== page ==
Pay attention to motorcycle safety
The Virginia State Police is raising the alarm on the number of motorcyclists that have died on Virginia’s highways lately.
In the last seven weeks, 21 motorcyclists have been killed in accidents in Virginia. Of those, nine have been single-vehicle crashes. That’s a tragedy that has affected hundreds of people mourning their family members and friends.
The National Highway Traffic Safety Administration reports that in 2019, per vehicle miles traveled, motorcyclists were about 29 times more likely than passenger vehicle occupants to die in a motor vehicle crash and were four times more likely to be injured.
Operating a motorcycle requires not only coordination and good judgment, just like operating any motor vehicle, but also requires balance and other skills unique to motorcycles. It also subjects motorcyclists to dangers from other drivers, not all of whom are always acting responsibly or paying the maximum amount of attention that they possibly can.
Those who ride can participate in upcoming “Ride 2 Save Lives” motorcycle safety courses, which are free and open to any participant with a valid operator’s license with a Class M endorsement. Operators must also have appropriate riding attire, DOT-approved helmet and eye protection, and street-legal motorcycles.
The courses in the Hampton Roads area are coming up at Waters Edge Church in Yorktown on July 24 and Sept. 25 and at ADS Inc. in Virginia Beach on Aug. 21 and Oct. 23. Advance registration is required; visit virginiastatepolice.eventbrite.com to register.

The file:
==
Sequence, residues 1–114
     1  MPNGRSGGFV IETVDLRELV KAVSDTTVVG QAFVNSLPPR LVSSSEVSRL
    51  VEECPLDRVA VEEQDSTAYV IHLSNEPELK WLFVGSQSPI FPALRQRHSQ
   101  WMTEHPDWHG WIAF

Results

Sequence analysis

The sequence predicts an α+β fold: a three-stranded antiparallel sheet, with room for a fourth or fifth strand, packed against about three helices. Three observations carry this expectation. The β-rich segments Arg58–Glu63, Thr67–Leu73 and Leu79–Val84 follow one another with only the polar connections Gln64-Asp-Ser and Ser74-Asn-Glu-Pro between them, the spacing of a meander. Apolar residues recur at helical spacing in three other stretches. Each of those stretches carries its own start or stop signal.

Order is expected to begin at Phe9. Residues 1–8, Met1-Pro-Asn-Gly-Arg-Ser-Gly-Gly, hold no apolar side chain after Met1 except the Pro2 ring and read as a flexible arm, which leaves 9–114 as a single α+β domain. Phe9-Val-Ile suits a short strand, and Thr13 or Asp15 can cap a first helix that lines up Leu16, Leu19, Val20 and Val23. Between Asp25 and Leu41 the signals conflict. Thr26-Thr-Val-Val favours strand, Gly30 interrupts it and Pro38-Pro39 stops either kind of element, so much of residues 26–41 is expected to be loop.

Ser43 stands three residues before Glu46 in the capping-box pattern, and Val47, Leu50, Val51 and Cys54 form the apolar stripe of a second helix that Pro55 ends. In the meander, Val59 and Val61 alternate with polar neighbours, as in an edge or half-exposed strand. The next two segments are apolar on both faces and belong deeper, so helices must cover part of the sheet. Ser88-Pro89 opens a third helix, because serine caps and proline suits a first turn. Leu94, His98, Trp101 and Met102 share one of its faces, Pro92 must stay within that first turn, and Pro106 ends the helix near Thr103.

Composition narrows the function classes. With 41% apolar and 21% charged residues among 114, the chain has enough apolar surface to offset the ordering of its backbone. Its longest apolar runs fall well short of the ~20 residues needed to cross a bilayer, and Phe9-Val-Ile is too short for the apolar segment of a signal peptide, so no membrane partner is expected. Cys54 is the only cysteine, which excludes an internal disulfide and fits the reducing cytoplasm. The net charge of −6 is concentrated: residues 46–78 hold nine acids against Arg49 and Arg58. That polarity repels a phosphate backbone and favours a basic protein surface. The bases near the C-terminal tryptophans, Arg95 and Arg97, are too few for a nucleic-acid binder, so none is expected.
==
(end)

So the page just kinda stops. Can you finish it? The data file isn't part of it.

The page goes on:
For those who aren’t motorcyclists, bear the following tips in mind:
Because of its narrow profile, a motorcycle can be easily hidden in a car’s blind spots or masked by roadside objects. Take an extra moment to look for motorcycles, whether you’re changing lanes or turning at intersections.
A motorcycle may look farther away than it is, and it may be difficult to judge its speed. If a motorcycle is approaching, wait for it to pass. The few extra seconds of your time is far better than the alternative.
Motorcyclists may slow down by downshifting or rolling off the throttle, so the brake light is not activated. Expect motorcycles to slow down without visual warning.
Turn signals on a motorcycle are not always self-canceling, so some motorcyclists may forget to turn them off. Make sure a motorcycle’s signal is for real before you act based on it.
Use your own turn signal.
If a motorcyclist is surrounded on three sides by other vehicles, don’t become the fourth.